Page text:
To want what we want when we want it is, unfortunately, common to us all. To expect to get what we want when we want it, or insist on it, is the heart of selfishness. This self-centeredness is at the heart of the trouble in the Corinthians church. You see it in their desire to “fit in” and sacrifice to idols. You see it in the disorders of the worship assembly in chapter 11. And you see it again in chapters 12-14 as Paul discusses the exercise of “spiritual gifts.”
The early Church was characterized by abilities given and empowered by God’s Spirit. Some were miraculous and commanded the attention of others. Unfortunately, they also fed the self-centeredness of the Corinthian church.
In chapter 12, Paul makes points: First, that while everyone has different gifts from God, they all come from the same God and are dependent solely on God’s choice – so no one should elevate himself above another just because he has a particular gift. Second, these gifts are not given to distinguish Christians from one another, but to empower them to serve one another. Finally, all the gifts are equally important because each is simply a part of a whole. For the body of Christ to be what it needs to be, all the gifts God gives are important.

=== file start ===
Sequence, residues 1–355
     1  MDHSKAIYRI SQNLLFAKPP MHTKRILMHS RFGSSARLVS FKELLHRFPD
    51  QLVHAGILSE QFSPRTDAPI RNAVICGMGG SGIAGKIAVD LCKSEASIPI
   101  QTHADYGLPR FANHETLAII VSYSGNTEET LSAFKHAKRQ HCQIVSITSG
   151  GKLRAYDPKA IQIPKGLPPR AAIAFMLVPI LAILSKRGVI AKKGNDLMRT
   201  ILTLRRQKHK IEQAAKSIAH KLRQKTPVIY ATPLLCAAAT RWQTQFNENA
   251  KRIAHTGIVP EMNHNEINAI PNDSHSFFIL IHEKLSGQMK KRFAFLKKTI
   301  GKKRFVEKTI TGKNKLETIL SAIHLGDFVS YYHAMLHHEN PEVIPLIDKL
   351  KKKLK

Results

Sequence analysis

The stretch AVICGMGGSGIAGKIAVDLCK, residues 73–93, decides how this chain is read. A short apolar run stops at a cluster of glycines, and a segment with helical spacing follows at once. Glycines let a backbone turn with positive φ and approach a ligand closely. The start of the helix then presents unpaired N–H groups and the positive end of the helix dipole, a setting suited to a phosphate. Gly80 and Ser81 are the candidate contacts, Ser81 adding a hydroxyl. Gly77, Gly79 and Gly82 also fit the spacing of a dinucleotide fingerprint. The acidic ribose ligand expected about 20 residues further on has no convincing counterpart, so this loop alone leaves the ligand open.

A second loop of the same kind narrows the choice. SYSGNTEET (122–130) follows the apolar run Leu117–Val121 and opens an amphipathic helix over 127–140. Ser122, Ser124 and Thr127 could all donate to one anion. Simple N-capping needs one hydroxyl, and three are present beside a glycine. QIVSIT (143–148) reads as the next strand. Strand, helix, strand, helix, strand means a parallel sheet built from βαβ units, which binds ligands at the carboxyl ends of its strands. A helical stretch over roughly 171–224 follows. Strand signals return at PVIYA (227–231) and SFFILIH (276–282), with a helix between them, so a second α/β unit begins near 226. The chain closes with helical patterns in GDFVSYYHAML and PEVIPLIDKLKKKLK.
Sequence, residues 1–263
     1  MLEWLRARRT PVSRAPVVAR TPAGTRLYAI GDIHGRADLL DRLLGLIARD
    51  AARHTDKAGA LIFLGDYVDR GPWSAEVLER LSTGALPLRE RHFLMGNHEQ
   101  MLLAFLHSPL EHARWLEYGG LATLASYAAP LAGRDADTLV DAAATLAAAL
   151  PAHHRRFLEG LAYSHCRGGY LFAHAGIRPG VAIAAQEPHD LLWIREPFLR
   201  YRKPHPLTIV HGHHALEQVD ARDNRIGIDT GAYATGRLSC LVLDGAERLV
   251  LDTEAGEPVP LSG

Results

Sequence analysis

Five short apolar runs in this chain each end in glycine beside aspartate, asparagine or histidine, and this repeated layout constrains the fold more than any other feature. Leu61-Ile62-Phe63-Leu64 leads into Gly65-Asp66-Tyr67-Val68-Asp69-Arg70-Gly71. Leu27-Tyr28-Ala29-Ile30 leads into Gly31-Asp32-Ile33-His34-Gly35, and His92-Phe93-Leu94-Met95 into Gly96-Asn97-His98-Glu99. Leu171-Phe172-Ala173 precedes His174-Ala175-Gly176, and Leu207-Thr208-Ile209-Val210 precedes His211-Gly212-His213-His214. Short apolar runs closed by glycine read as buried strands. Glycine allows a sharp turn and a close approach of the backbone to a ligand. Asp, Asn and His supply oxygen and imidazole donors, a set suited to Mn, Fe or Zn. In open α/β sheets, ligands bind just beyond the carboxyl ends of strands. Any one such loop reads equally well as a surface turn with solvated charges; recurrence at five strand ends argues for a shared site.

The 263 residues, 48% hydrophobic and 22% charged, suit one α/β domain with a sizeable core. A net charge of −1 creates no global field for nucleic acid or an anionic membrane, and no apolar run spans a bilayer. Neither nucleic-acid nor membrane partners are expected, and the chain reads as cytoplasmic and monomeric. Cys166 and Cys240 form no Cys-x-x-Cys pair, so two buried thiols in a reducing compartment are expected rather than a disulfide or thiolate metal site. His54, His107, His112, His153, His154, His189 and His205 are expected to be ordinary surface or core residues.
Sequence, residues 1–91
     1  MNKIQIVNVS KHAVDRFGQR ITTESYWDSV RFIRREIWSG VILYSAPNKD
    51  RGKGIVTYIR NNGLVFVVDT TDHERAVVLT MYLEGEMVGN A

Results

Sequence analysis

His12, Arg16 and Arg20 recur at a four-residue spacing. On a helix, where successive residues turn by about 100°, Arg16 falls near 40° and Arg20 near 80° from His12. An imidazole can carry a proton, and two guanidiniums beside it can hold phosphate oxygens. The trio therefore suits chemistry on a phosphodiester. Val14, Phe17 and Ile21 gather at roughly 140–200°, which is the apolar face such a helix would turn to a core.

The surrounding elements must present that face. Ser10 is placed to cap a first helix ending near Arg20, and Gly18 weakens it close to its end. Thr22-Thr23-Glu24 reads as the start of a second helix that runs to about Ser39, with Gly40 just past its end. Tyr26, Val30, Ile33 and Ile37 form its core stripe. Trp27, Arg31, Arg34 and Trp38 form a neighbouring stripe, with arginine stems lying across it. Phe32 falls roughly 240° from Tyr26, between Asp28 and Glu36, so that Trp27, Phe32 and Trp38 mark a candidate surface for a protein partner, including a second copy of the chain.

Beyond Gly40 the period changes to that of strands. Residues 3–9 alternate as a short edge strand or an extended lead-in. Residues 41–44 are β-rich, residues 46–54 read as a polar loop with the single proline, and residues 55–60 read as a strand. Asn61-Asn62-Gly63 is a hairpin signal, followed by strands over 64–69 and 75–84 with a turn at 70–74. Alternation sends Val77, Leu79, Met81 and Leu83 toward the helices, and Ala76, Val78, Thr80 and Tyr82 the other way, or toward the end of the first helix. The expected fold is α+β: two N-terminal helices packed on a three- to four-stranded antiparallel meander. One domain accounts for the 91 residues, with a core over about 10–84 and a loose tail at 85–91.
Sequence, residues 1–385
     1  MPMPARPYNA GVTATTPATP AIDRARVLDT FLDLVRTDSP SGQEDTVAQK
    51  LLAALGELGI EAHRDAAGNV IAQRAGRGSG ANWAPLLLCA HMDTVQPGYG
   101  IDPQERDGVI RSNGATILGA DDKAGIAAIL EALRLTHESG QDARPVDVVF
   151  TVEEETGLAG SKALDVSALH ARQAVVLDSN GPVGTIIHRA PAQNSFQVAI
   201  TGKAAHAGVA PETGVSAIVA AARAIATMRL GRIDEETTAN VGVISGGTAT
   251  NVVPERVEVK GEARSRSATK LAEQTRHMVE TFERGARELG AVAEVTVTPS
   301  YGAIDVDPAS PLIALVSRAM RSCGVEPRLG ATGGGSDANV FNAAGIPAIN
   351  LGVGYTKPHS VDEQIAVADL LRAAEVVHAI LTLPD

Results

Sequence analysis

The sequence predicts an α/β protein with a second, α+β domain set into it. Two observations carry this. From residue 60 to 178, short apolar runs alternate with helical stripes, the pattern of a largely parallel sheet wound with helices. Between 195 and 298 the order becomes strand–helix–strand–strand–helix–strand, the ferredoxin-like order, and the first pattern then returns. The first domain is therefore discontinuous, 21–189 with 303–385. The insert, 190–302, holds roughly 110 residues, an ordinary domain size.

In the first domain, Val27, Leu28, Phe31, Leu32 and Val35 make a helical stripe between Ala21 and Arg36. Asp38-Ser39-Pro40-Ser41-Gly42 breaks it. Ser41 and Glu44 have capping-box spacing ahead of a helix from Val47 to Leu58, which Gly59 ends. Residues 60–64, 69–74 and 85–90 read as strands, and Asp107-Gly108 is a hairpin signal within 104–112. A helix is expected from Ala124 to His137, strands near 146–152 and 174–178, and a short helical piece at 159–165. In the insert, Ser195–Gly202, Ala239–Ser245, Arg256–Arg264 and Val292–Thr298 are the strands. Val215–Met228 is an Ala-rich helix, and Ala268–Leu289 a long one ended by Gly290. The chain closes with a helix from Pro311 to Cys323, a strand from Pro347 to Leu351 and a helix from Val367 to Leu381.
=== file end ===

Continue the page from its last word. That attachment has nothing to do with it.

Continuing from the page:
Each of us has a place in the body of Christ. While some of us might get more “air time” (face time), all are important and none are dispensable. If you feel you are not being valued, it may be that your church is overlooking you. On the other hand, it is more likely that you are not living up to the potential God has given you.